I have participated in the Mother Cabrini Guild for many years, became a Eucharistic Minister, worked the door at Fish Fries, donated clothing for our Right To Life Baby Shower benefiting the Denby Center or Wee Care. We did a 50/50 at our last Christmas Party with proceeds going to our St. Vincent DePaul. I have attended card parties, bought raffle tickets, and our family has brought in gifts for The Giving Tree at Christmas for those less fortunate. We donate to the monthly food drives. This is how our parish family has taught us and our children what being a disciple of God means. We reach out and help our fellow man.

 

I have recently been reminded of how loved and supported our family is when diagnosed with Breast Cancer. I have get well and thinking of you cards lining my doorways in my home, have had flowers delivered just because, and masses being said in my name for improved health. I have not felt this love and concern anywhere else I have attended church and realize how lucky I am to be here in this place at this time when I fight this disease. God placed me here at this church for a reason and I will be forever grateful.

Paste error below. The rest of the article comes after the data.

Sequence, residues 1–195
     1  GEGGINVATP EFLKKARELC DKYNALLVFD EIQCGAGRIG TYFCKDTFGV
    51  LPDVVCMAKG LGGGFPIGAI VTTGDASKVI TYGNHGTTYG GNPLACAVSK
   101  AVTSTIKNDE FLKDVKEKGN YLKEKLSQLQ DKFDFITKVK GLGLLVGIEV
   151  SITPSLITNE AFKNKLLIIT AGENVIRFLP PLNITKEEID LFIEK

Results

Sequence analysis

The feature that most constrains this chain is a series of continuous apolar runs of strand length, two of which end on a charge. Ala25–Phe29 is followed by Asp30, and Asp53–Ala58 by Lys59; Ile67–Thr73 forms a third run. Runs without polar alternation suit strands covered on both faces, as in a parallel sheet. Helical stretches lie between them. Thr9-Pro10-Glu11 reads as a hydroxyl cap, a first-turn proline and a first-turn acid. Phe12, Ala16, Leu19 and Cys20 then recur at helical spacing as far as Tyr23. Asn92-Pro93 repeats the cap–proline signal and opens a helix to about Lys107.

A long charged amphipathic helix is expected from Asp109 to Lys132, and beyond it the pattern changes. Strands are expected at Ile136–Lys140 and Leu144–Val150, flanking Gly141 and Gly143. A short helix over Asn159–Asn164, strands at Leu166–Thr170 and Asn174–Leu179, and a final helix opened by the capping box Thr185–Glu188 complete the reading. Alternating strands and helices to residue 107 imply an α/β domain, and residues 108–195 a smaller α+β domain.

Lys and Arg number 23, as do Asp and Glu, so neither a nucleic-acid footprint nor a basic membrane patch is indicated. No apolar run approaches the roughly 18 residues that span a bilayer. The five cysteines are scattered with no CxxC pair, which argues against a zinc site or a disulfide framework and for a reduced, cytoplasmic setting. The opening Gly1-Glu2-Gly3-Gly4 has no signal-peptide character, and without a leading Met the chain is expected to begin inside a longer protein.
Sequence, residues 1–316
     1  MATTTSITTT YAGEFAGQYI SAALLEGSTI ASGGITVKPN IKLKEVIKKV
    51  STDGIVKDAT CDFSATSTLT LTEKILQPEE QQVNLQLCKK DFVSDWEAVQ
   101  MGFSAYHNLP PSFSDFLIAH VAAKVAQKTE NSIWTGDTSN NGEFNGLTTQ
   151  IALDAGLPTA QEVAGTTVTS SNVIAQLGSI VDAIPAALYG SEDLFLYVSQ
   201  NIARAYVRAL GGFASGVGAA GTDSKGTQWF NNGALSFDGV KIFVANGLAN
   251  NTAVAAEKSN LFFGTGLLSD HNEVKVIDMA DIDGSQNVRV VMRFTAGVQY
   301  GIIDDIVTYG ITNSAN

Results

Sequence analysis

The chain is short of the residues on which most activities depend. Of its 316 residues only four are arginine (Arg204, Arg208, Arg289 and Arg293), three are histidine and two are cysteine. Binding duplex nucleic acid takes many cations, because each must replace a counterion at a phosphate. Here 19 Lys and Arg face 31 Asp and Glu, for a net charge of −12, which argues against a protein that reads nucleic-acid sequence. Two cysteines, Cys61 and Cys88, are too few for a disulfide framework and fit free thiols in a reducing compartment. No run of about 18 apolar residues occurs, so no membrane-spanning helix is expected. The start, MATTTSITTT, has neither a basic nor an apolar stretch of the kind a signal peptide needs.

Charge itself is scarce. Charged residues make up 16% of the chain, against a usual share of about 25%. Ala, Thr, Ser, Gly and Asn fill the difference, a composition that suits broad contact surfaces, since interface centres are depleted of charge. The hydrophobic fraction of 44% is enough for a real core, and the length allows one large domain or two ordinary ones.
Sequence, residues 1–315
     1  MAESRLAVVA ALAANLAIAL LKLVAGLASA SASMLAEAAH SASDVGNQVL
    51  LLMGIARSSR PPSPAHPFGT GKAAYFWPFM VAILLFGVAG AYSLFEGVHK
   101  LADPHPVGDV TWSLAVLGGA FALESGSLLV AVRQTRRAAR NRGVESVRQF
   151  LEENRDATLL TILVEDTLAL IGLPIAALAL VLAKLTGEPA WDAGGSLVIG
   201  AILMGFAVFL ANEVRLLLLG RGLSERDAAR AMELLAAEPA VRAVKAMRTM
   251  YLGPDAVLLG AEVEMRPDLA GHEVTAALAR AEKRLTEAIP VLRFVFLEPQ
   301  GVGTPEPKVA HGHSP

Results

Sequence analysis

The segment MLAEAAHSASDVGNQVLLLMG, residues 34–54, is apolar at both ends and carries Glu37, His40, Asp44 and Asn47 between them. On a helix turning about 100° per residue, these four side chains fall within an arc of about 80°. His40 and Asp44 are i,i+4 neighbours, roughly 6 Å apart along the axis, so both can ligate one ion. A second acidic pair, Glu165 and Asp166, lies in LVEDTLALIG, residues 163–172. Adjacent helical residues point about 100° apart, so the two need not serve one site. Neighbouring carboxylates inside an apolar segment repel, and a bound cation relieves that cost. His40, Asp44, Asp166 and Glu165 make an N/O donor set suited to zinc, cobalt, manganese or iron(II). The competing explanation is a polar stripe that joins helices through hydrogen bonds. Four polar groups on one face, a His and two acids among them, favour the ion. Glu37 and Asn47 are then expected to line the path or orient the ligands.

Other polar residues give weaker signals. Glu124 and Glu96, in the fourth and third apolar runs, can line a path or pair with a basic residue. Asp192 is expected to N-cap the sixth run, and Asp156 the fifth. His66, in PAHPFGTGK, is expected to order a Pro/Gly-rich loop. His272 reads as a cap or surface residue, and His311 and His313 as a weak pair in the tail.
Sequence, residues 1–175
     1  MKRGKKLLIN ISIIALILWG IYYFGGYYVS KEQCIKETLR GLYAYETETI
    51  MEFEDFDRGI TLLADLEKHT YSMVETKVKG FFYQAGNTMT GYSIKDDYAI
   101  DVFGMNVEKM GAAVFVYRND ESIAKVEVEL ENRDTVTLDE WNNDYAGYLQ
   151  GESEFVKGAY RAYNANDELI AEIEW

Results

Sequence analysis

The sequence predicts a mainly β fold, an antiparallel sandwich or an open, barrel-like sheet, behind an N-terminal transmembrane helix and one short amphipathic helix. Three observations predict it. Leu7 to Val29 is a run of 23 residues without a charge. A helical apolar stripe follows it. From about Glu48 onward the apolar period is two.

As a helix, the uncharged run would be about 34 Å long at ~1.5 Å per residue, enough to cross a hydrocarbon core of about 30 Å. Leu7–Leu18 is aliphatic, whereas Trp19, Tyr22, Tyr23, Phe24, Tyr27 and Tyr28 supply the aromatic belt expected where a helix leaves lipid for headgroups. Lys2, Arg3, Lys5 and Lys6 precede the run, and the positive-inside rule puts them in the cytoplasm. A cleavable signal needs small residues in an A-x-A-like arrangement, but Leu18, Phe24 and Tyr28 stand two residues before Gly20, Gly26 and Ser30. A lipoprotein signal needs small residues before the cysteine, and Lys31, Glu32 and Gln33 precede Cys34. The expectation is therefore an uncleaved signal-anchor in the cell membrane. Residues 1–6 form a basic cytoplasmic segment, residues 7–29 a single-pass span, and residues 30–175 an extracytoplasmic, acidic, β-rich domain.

I have had the joy of watching my daughter Laurel get married to her love Adam here among our parish family and an even greater joy when we got to share our first grandchild Arabella’s baptism last year. There are so many memories here for me that I pray our church will continue to stay open and continue to provide love and support for each other till God chooses that our doors are to close. I don’t think that time has come and pray that God sees it that way as well."

 

--Sharlene Frizzell

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"My SS. Simon and Jude life begins in September of 1960.  We had been attending Mass at St. Mary’s. We knew we were outside of St. Mary’s parish boundaries and had to join the new parish in the neighborhood, SS. Simon and Jude. So when I needed a Mass said for a deceased relative, that’s when I met Fr. Arthur Oldani.


I really did not know him very well, however, he baptized our first two children. By the time our third child arrived, Fr. Andy Nieckarz was our pastor. I remember him as the colorful guy that he was and he knew everyone by name, even if you were not very active in the parish, as I was not.